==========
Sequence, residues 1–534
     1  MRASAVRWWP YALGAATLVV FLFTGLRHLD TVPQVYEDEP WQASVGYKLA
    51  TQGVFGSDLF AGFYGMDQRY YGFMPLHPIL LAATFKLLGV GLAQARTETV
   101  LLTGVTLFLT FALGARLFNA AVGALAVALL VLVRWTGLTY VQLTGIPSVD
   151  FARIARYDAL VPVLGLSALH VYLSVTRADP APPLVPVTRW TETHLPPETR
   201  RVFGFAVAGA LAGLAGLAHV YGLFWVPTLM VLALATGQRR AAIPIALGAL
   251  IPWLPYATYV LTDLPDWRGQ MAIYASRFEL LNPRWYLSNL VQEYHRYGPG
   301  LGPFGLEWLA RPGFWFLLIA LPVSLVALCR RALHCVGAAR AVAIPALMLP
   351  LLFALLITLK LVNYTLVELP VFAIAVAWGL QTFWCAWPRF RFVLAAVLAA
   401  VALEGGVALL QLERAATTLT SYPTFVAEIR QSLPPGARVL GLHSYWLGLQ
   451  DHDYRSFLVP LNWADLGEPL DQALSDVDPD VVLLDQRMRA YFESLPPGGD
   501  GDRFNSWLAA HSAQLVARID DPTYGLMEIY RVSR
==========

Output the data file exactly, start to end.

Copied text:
Sequence, residues 1–534
     1  MRASAVRWWP YALGAATLVV FLFTGLRHLD TVPQVYEDEP WQASVGYKLA
    51  TQGVFGSDLF AGFYGMDQRY YGFMPLHPIL LAATFKLLGV GLAQARTETV
   101  LLTGVTLFLT FALGARLFNA AVGALAVALL VLVRWTGLTY VQLTGIPSVD
   151  FARIARYDAL VPVLGLSALH VYLSVTRADP APPLVPVTRW TETHLPPETR
   201  RVFGFAVAGA LAGLAGLAHV YGLFWVPTLM VLALATGQRR AAIPIALGAL
   251  IPWLPYATYV LTDLPDWRGQ MAIYASRFEL LNPRWYLSNL VQEYHRYGPG
   301  LGPFGLEWLA RPGFWFLLIA LPVSLVALCR RALHCVGAAR AVAIPALMLP
   351  LLFALLITLK LVNYTLVELP VFAIAVAWGL QTFWCAWPRF RFVLAAVLAA
   401  VALEGGVALL QLERAATTLT SYPTFVAEIR QSLPPGARVL GLHSYWLGLQ
   451  DHDYRSFLVP LNWADLGEPL DQALSDVDPD VVLLDQRMRA YFESLPPGGD
   501  GDRFNSWLAA HSAQLVARID DPTYGLMEIY RVSR